The new Prime Minister covered impressive ground in his first week in office. He has also sent out some very powerful and significant signals, writes JOCELINE TAN.
THE buka puasa dinner of the BBC (Backbenchers Club) last Monday acquired a rather special ambience this year. The reason: the new Prime Minister was attending.
The guest list, normally confined to Muslim MPs and Parliament staff, had been extended to non-Muslim MPs as well as Barisan Nasional assemblymen. Guests began arriving a little after 6pm and many of the Muslim MPs had changed from their suits into traditional baju Melayu.
Datuk Seri Abdullah Ahmad Badawi arrived wearing a rose-pink baju and matching striped kain samping.
After dinner, the Muslims adjourned for maghrib prayers – led by the Prime Minister in what the Malays would describe as “mengimamkan solat maghrib,” sitting with both legs modestly folded to one side and his hands held up in adulation.
“Pak Lah does this all the time. He leads whenever we have prayers in his house. But this is the first time he has done it in Parliament as the PM,” said Datuk Zulhasnan Rafique, MP for Wangsa Maju and BBC secretary.
The Prime Minister matched his speech to the somewhat relaxed mood of the evening when he referred to the BBC as a PIBG (parent-teacher association) and its chairman Datuk Mohd Zin Mohamed, the MP for Shah Alam, as the headmaster.
But it was not all lightness, for Abdullah again stressed what he had mentioned in his inaugural address in Parliament the same morning: MPs must uphold the democratic tradition in their role as legislators.
Earlier that morning, Malaysia's fifth Prime Minister had sent out a very powerful message: he intends to lead this government with integrity, efficiency and fairness.
The first portion of the speech expressed gratitude to his predecessor Tun Dr Mahathir Mohamad and all he had contributed. Then he spelt out his own ideas, priorities and concerns.
By choosing Parliament for his maiden speech, he had emphasised his belief in the institution of government.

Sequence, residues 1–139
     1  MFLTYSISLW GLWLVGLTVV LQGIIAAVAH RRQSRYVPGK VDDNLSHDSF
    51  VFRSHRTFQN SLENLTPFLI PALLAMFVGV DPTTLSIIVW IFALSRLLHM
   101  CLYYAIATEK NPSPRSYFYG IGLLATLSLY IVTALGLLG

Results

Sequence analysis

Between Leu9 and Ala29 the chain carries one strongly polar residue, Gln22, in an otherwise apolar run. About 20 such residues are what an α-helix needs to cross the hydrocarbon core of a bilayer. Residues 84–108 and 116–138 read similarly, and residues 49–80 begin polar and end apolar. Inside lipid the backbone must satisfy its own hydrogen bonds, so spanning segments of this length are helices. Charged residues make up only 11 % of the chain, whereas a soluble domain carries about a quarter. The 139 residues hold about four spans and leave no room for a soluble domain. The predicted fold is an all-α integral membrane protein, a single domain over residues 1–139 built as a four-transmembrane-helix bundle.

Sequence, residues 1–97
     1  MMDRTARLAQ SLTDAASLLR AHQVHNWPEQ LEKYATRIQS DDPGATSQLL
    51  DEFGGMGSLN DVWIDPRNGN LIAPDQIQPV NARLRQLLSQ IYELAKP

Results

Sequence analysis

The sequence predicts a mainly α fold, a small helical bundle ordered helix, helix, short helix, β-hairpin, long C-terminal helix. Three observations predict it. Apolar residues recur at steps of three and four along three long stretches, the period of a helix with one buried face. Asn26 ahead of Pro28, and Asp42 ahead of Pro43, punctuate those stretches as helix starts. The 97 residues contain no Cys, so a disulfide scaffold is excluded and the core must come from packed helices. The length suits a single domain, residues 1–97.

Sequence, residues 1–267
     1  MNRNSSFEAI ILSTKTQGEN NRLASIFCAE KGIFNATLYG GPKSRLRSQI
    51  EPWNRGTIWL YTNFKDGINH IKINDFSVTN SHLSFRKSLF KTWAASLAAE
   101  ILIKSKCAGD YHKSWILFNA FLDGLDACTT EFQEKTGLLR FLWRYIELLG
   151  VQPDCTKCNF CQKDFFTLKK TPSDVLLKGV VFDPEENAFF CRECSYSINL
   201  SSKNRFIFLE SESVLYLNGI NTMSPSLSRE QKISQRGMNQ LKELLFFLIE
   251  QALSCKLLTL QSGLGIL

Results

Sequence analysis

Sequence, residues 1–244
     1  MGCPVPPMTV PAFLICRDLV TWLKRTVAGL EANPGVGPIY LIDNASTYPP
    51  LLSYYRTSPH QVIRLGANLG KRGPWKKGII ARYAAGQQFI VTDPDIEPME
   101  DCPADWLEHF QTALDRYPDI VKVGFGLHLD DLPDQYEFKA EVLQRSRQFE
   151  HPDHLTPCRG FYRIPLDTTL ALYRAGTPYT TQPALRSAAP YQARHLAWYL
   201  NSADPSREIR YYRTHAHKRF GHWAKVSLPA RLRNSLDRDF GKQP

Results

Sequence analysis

It has been a while since principles of democracy, honesty, incorruptibility, dedication and tolerance have been articulated in such an uplifting manner.
“The speech gave me a great sense of renewal. I have always been for a transparent government,” said Tambun MP Datuk Husni Hanadzlah.
“In any system, rapid development creates uneven wealth and the corruption of values seeps in. It’s something which many ordinary people are unhappy about although they don’t talk openly. Now the PM talks about it and it gives us hope.”
It was also the speech of a God-fearing man for many parts of it indicated that Abdullah held himself accountable not only to the people but also the Almighty. Many in Parliament noticed how he struggled with his emotions each time he mentioned the name of Allah.
In fact, his speech ended with: “To you, Allah, your humble servant turns for guidance and inspiration, strength and fortitude, patience and determination.”
Abdullah’s first week has been a back-to-back schedule, focused on engaging the key stakeholders. Parliament on Monday; National Operations Council on Tuesday; Cabinet on Wednesday; mentris besar, chief ministers and Umno supreme council on Thursday; and the Barisan Nasional supreme council on Friday.
By week’s end he had basically outlined what the government would be like under him and that he would proceed to build on the success of his predecessor.
All said and done, he has traversed his first week with flying colours.
But hint of the new Prime Minister’s style had been evident right from his first official duty on Sunday, the day after he returned home to visit his mother and pray at his father’s grave in Kepala Batas.
His entourage had arrived in Rantau Panjang, a padi-growing kampung on the northern edge of Seberang Prai, a little after 9am on Sunday.